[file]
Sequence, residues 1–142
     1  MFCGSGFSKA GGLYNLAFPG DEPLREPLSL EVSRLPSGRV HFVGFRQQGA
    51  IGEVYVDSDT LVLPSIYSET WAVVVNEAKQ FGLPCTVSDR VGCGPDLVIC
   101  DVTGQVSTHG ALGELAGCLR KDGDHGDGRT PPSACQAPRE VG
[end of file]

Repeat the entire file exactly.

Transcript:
Sequence, residues 1–142
     1  MFCGSGFSKA GGLYNLAFPG DEPLREPLSL EVSRLPSGRV HFVGFRQQGA
    51  IGEVYVDSDT LVLPSIYSET WAVVVNEAKQ FGLPCTVSDR VGCGPDLVIC
   101  DVTGQVSTHG ALGELAGCLR KDGDHGDGRT PPSACQAPRE VG